We’re in something like what James Hurst once called the “clove of seasons”: our decades-long, divisive season is not yet dead, but our crisis season has not fully arrived. The political weather on any given day can feel more like chilly division than stormy crisis. It must have felt that way to Americans picking up the newspapers in 1858. And a lot of 1858 is like 2018 so far – a mid-term election year, a deeply divided and incendiary press, a host of conspiracy theories (including Lincoln’s “House Divided” speech), and there’s much evidence of food, drink, and sex. But the similarities aren’t the point. Rather, can we discern the times any better than our forebears given the equal portion of news from the old and new political seasons?

Generational theorists William Strauss and Neil Howe posit that, every four generations or so, America moves from an “unraveling era” to a civil crisis. It happened around 1858, and over a quarter-century ago Strauss and Howe argued that it would be happening now. The civil crisis, they said, would threaten our national existence. Our civil-crisis news concerns a president who often threatens our press’s freedom – not just by threatening to change the libel laws but also by cooperating with foreign disinformation campaigns – a president who often attacks our country’s intelligence services, a president who refuses to protect the integrity of our electoral system despite the clear and present danger four of our intelligence services conclude that Russia poses to it – indeed, he has attacked the system’s veracity himself by repeatedly claiming without evidence that almost three million illegal aliens voted against him in 2016 – and a president who has, by his own admission, obstructed justice – he has twice admitted to firing the FBI director in order to “fight back” against accusations concerning his and his campaign’s ties to a foreign enemy.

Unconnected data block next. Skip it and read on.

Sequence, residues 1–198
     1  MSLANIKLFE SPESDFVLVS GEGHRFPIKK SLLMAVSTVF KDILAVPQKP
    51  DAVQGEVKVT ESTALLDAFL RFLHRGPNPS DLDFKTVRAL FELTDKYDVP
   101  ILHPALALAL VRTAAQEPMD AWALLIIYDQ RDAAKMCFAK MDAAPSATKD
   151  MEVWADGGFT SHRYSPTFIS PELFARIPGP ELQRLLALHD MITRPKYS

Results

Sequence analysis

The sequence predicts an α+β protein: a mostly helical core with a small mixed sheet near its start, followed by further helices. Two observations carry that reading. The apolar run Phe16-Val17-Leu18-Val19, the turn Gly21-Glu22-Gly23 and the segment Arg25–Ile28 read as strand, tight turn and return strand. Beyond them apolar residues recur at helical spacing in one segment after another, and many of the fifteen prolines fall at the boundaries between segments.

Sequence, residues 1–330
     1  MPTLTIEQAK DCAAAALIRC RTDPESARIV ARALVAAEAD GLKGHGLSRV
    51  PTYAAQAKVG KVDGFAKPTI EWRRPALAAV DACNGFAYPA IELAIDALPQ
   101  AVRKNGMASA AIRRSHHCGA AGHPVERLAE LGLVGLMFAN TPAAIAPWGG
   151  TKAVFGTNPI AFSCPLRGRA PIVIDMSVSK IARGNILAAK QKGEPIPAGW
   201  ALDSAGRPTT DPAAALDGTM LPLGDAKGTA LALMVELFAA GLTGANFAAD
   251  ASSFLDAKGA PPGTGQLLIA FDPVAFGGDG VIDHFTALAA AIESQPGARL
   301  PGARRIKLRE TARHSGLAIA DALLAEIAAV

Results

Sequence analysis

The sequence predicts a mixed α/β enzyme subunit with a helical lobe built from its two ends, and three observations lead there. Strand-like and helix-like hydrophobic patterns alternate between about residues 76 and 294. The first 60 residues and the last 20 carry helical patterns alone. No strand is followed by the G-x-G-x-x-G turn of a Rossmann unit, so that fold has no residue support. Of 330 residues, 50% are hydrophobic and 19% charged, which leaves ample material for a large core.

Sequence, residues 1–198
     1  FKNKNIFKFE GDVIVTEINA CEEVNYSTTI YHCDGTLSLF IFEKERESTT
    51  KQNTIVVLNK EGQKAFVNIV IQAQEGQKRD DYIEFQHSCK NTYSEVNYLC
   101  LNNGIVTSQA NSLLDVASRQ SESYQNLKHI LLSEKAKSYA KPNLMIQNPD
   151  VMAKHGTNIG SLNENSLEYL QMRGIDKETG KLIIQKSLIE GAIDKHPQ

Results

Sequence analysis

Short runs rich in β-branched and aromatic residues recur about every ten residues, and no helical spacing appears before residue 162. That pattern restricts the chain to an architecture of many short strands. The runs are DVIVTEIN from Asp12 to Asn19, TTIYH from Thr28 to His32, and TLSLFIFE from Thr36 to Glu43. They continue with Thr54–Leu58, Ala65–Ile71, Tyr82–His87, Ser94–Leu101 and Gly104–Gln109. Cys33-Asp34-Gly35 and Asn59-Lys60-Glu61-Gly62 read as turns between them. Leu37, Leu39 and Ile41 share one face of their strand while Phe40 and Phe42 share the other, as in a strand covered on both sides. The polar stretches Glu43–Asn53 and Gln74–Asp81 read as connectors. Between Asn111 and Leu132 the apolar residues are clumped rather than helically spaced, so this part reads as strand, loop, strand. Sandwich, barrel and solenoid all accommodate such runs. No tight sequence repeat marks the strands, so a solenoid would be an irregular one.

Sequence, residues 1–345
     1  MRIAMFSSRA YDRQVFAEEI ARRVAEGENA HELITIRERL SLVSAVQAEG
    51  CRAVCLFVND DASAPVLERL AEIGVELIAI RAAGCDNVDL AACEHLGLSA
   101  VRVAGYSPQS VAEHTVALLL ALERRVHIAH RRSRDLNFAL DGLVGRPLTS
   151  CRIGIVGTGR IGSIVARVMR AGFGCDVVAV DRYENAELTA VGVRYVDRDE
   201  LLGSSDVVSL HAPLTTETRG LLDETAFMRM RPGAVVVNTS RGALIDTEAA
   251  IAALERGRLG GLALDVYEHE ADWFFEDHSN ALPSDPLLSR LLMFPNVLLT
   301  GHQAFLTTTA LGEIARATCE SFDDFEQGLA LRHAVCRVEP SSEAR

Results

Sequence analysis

Over the last few generations we’ve had other scandals and cover-ups, of course – Nixon during what Strauss and Howe call our latest age of spiritual renewal and Clinton during the middle of our own unraveling age – but neither previous presidential scandal was as serious and, given the groundwork of our deepening political divisions, more likely to succeed. The members of our intelligence services are in my prayers day and night.

It would be hard to run for Congress this year on just the existential threats, of course. One may be tempted to run as an independent and emphasize the threats, but any attractive third-party movement based on such a strategy may split the vote and result in a Congress that would ignore the president’s threats to our government and Constitution as much as the current Congress does. Countries with united oppositions against would-be tyrants are much better at ridding themselves of them, as Steven Levitsky and Daniel Ziblatt report in their new book How Democracies Die.

One doesn’t have to wait for this fall’s elections, though, to hear the resurgence of the old partisan issues. Over the past few months, it has been difficult for certain “resistance” groups formed in response to the president’s election to maintain a crisis-era focus. In league with the political left, many of these groups now indiscriminately mix unravelling-era issues with crisis-era ones.

Besides, if we think our unravelling-era political opponents are worse than our crisis-era foreign enemies, then we may allow a would-be tyrant to use what James Madison ruefully calls in Federalist 48 “some favorable emergency” to consolidate power – for instance, to make the Justice Department and the FBI loyal to him alone. However, it may not take that much. Given our country’s preference twenty years ago for a strong economy over the well-founded accusations brought by Kenneth Starr against President Clinton, good economic times may give the administration as much cover as an emergency to quash the investigations into its Russia ties.

I acknowledge that, unless things get a lot worse, meeting the crisis probably won’t solve the problems that got us to this point. Indeed, if we don’t resolve our underlying problems, we may face a worse crisis in the future. But avoiding today’s crisis can’t help matters. Politics in the best sense is speech and action. We must practice what we can of politics, or it won’t exist.

I’m not suggesting a choice between the crisis and the merely urgent. It’s a matter of precedence: political existence comes before policy debate. Jesus once castigated the scribes and Pharisees for tithing “mint and anise and cumin” while omitting “the weightier matters of the law, judgment, mercy, and faith.” Jesus made clear that he wasn’t asking these religious leaders not to tithe: “These [weightier matters] ought ye to have done, and not to leave the other undone.” We neglect the weightier matters, too, by involving ourselves only in matters that in a less dangerous political age would be of the first moment.

Right now, political practice involves triage. We’re in need of political triage and the discernment it requires.